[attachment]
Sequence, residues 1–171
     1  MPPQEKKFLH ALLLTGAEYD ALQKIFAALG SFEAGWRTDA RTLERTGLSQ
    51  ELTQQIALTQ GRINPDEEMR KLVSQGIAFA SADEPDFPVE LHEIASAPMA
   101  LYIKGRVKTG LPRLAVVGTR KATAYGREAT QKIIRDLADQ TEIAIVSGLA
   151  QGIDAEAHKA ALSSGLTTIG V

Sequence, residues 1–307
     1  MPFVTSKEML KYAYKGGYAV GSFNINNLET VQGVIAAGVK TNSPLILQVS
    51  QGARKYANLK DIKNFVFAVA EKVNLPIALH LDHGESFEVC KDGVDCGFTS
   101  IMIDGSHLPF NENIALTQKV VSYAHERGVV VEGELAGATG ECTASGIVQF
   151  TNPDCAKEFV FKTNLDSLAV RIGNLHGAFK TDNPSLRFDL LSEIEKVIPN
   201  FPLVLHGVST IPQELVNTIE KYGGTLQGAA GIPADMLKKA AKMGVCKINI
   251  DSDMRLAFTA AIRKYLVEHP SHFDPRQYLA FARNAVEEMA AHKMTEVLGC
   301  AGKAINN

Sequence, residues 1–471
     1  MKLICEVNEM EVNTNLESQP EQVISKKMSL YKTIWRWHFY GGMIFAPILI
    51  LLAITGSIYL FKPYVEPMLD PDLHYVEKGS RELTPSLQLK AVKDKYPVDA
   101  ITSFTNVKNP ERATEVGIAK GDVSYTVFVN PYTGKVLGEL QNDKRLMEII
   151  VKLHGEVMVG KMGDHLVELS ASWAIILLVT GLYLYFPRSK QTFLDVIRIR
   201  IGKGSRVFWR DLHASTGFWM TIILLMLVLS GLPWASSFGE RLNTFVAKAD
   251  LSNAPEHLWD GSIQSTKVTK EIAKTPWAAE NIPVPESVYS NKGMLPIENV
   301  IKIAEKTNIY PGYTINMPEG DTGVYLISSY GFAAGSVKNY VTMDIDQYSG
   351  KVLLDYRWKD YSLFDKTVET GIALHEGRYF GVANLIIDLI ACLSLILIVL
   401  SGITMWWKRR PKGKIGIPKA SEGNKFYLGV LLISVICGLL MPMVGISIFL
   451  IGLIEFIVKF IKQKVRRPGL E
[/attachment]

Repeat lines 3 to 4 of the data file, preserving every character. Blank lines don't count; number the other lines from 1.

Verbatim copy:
    51  ELTQQIALTQ GRINPDEEMR KLVSQGIAFA SADEPDFPVE LHEIASAPMA
   101  LYIKGRVKTG LPRLAVVGTR KATAYGREAT QKIIRDLADQ TEIAIVSGLA